This past weekend, Curt and I abandoned the children and drove to Chicago for the first time in 8 years.  We stayed at a “nice” hotel… three out of 5 stars. I was nervous. The reviews weren’t so hot.  Turns out, three stars in Chicago is nicer than where we stayed for our honeymoon… so we were JUST FINE.  We walked approximately 4,177 miles.  We ate out for every meal.  We went to the planetarium. We went to Navy pier.  We left Navy Pier after about 45 seconds and headed to Rush Street for dinner.  We went to a midnight movie. We went to a midnight movie after buying tickets and then taking a nap at the hotel, BUT WE WENT TO A MIDNIGHT MOVIE. [Skyfall? 007, anyone?  That movie is incredible.  Javier Bardem… Lawd.  That man has some wicked in him.]  I sat in a bar waiting for a table and yelling for my school to beat Alabama… and they did.  THEY DID. We ate outside on the street patio and pretended we were young and free… and we were.   We sat in the park.  I ordered Coke with my breakfast- because I could.  I bought a shirt. Curt bought a grown-up jacket.  We held hands.  We ran into people we knew on the street and chatted like we were locals.  We passed people we knew (TWICE!) on the highway and texted them like it happens all the time.  It was an amazing weekend.

Somewhere in all that, Curt asked why we never have tuna casserole at home.  After I finished choking on randomess I said, “Well, I don’t know. I guess… I don’t know. We ate it every Friday growing up. I’m sure I can make that happen.”

And so I did.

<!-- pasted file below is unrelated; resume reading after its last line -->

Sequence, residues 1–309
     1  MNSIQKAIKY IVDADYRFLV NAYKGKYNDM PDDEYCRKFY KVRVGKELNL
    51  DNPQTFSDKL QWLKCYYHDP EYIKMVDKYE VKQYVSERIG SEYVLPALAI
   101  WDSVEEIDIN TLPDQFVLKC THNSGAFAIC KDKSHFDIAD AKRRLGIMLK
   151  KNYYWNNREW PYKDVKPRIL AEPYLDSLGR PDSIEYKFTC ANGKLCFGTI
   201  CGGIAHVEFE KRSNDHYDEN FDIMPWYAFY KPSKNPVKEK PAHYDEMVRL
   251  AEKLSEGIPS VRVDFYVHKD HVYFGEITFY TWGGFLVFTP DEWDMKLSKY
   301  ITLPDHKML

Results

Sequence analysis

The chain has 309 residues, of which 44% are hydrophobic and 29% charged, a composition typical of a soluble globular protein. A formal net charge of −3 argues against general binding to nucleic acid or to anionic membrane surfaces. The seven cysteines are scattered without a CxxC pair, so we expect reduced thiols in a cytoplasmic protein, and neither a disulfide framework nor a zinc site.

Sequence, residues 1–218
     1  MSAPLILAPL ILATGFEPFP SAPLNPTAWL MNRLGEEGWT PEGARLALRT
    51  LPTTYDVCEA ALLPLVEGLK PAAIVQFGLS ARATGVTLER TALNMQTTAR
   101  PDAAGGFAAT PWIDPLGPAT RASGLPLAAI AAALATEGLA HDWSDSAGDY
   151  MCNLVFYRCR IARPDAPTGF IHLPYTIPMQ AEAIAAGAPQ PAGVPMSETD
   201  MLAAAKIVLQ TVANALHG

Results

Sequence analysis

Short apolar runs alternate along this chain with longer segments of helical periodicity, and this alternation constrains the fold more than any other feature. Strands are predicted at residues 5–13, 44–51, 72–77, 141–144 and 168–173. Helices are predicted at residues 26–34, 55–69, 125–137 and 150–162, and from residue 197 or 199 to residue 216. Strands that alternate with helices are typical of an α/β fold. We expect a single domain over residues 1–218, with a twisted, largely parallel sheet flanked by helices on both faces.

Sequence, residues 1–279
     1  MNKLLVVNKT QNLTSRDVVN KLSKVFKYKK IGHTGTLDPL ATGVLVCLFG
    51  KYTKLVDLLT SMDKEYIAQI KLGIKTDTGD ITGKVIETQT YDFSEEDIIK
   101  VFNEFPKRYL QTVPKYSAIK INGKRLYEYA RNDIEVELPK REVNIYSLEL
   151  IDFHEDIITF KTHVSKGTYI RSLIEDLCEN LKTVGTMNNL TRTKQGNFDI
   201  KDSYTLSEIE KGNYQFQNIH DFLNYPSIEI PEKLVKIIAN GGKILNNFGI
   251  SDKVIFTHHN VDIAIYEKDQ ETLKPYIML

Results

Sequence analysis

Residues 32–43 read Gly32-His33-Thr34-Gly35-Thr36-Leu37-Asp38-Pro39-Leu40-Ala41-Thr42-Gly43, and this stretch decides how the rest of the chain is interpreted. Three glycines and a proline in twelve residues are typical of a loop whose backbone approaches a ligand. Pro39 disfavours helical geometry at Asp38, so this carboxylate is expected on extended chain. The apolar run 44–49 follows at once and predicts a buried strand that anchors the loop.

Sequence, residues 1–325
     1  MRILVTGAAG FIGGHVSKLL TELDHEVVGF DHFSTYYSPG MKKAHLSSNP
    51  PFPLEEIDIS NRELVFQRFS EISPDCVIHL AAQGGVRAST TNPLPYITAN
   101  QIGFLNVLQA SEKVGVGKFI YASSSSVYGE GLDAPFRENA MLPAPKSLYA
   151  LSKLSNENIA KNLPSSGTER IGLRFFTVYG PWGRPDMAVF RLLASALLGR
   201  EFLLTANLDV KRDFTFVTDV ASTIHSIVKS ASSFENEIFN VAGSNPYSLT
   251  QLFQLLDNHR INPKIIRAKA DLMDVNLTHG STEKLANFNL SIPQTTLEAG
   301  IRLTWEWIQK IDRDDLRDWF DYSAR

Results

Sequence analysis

Now, this is not my mother’s tuna casserole.  There is no cream of mushroom soup (since I married a man who falls on the floor and plays dead when he sees or smells a mushroom and I HAVE ENOUGH OF THAT DRAMA IN MY LIFE) and it’s quite a bit less-soupy? I dunno how to explain it.  It’s got tuna and noodles, though, so it’s tuna casserole.

The boy declared it to be in his Top 10 of my Awesome Dinner Achievements.  I’m still not quite sure how I feel about that, but I thought I’d pass along the recipe anyway.


  • 4 tablespoons butter
  • half of a green pepper, diced small
  • half of an onion, diced small
  • 1 stalk of celery, diced (wait for it) small
  • 2 tablespoons flour
  • 1 teaspoon salt
  • 1 cup milk
  • 1 cup cheese
  • 12 ounces tuna
  • buttered croutons for the top

Alright, Friends. Add or take away whatever you don’t like… maybe you need peas but no onions.  Maybe you need some garlic?  That’s just fine. I’ll never know.  The trick to this whole deal was the ROUX.  Watch me be fancy here: a roux is simply equal parts fat to flour and it makes a base for a sauce.  There are 4 tablespoons of butter and 2 tablespoons of flour (which is not equal, I know) but we use half of that butter to saute the veggies in at the very beginning.

SO. Saute your veggies in all 4 tablespoons of butter. Once everything is tender and there’s still a bit of butter in the pan, sprinkle the flour and salt on top. Doing this BEFORE adding the milk will coat everything nicely without making the sauce lumpy. Once your flour is mixed in there well enough, pour in your milk and let that simmer for just a bit until it thickens… the sauce will be barely boiling.  Now you can add your cheese in and heat until melted. Now mix in your tuna.

All that’s left to do is pour this over about 8 ounces of cooked and drained pasta, top with bread crumbs or crushed croutons, and then bake for about 40 minutes at 350°. BLAMO.  A new family classic is born. Couldn’t be easier.

What was on your family’s regular menu rotation as a kid?



About texasnorth

TexasNorth is a little farm in Western Michigan. It's home to 5 chickens, 25 longhorn cattle, a coonhound (Banjo), 1 barn cat, a husband, and 3 ridiculously funny children. The mom of this zoo has been known to mow the lawn in a skirt and roast marshmallows after dark. View all posts by texasnorth